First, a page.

Does “executive experience” equate to Presidential success? Part 5

#14 — Franklin Pierce.  He reached the rank of brigadier general during the Mexican-American War but short of being an awesome leader, I don’t count that.  His only political position before the presidency was as a Senator representing NH, so that doesn’t count either as ‘executive’ experience.  Through a number of acts by his administration, Pierce managed to splinter the country and revive all the anger between the North and South.  This quote from Wikipedia says it pretty succinctly:  “Pierce lost all credibility he may have had in the North, and, as of 2008, was the only elected president (rather than a Vice President who succeeded to the position) to fail to be renominated by his party for a second term. Pierce is ranked among the least effective Presidents as well as an indecisive politician who was easily influenced. He was unable to command as President or to provide the required national leadership. Yet, he had the courage to stand by his convictions and buck the will of is own party, leading to his political exile.”  So… EE: no; good: no.

#15 — James Buchanan.  He was a senator, and Secretary of State, but by my definition no executive experience.  Buchanan has long gone down in history as the man who allowed the Civil War to happen and was perhaps the worst president ever, and it seems this is basically true.  But to be fair, I wanted to see if maybe he had any rousing successes during his presidency.  Here’s what I found:  He tried to start a war against Utah.  He directly influenced the majority vote in the Dred Scott Decision by lobbying judges, upholding the rights to own slaves.  His administration made efforts to try to take Cuba by force.  He presided over a financial panic and was accused of financial mismanagement.  His handling of the initial seceding of southern states with complete impotency.  He declared the secession unconstitutional, but also felt it was unconstitutional for the federal government and army to do anything about it, not even preparing the army for the impending war.  He was, in actuality, a skilled politician and a brilliant man, by many accounts, and at another time might have made a very good president.  But the political climate at the time required a forceful, strong, decisive leader willing to act quickly, and this was something Buchanan was not.  So… EE: no; good: no.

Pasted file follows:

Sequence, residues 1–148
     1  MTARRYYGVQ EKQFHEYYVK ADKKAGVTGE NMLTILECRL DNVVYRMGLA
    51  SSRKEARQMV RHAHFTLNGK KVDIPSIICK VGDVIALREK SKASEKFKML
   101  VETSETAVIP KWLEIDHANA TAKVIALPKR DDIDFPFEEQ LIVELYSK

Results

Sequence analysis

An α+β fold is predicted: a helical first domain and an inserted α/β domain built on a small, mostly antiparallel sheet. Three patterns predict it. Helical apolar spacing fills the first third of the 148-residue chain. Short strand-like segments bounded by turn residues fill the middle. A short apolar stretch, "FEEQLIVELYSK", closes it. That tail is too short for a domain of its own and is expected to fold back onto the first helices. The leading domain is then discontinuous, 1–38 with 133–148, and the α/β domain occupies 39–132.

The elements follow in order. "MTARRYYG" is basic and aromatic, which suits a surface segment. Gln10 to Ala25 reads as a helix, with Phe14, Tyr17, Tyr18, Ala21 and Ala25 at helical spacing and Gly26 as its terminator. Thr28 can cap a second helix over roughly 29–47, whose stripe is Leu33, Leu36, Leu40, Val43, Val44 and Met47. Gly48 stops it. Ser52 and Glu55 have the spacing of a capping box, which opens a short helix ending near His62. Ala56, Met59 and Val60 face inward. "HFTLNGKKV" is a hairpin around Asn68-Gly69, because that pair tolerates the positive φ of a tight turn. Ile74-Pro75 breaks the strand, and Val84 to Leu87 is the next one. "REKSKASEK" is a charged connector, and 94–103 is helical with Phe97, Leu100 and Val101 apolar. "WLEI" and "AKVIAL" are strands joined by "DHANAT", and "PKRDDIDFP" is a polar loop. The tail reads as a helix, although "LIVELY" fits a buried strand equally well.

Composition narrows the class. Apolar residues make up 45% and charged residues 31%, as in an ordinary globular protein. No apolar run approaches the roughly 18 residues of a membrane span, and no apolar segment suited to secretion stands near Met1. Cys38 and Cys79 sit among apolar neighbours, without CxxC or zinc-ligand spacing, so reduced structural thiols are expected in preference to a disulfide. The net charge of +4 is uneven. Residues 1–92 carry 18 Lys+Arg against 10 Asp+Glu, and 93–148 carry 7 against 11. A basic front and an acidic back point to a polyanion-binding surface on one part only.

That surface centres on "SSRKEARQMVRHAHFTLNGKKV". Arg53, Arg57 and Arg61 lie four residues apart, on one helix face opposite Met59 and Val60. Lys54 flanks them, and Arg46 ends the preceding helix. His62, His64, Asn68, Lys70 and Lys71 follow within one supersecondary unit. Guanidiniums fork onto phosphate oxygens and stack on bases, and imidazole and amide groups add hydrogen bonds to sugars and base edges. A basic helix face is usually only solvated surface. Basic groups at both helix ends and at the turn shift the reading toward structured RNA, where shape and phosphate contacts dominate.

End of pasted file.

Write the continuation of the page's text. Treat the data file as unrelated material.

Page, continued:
#16 — Abraham Lincoln.  He was a captain in the Illinois militia for awhile, and also ran a small store for awhile before becoming a lawyer and serving in the Illinois state senate for awhile, after which he served representing Illinois in Congress (as a Representative).  So, no executive experience.  (I could draw many parallels to Barack Obama right here, but I’ll take the high road and avoid that.  😉 )  Lincoln was president during what can safely be considered the most challenging and pivotal in our nation’s history.  And granted, he did a whole lot of stuff that at a time of peace would possibly be seen as tyrannical: declaring war without Congress, suspending the writ of habeus corpus, imprisoning thousands of Confederate soldiers without due process, spending millions of dollars without congressional approval, etc.  While many of the things he did as president could (and often are) considered unconstitutional, his point of view was that, what was the point of preserving the Constitution if by doing so, it is lost entirely?  And to his point, in doing so he preserved the nation, started the country on a path of a successful Reconstruction, and freed millions of slaves.  You may not agree with the means, but you have to appreciate the result.  So… EE: no.  Good: yes.

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3 responses to “Does “executive experience” equate to Presidential success? Part 5

  1. Lincoln also didn’t like ‘yes men’, as is pointed out by the book, ‘Team of Rivals’, and felt it was important to have the best minds in his Cabinet, rather than party faithful. Lincoln also understood that just defeating the Confederacy wasn’t the goal, but reuniting the Union, and therefore understood that he could not treat the South and it’s soldiers as enemy combatants after the war was over. Unfortunately, Lincoln was assassinated and his policies on this issue went by the wayside.

    BTW, I think I can safely say that, going into hour 19, that I’m not having a quick labor. Boo.

  2. Remember that booooooooring book that Sung Bok Kim made us all read about Lincoln’s speech at Gettysburg?

    Early labor doesn’t count as “labor”. People who count it are ninnies. 😉 Early labor can last forever, and has little impact on the length of your active labor. This is just your body revving up. GOOD LUCK!!!!

  3. I wouldn’t say Buchanan was the worst president. He’s considered bad because of what he didn’t do. I don’t think he should be called worse than presidents who are considered bad for what they did do, like Jackson or GWB. although I agree he deserves bottom 5 position.

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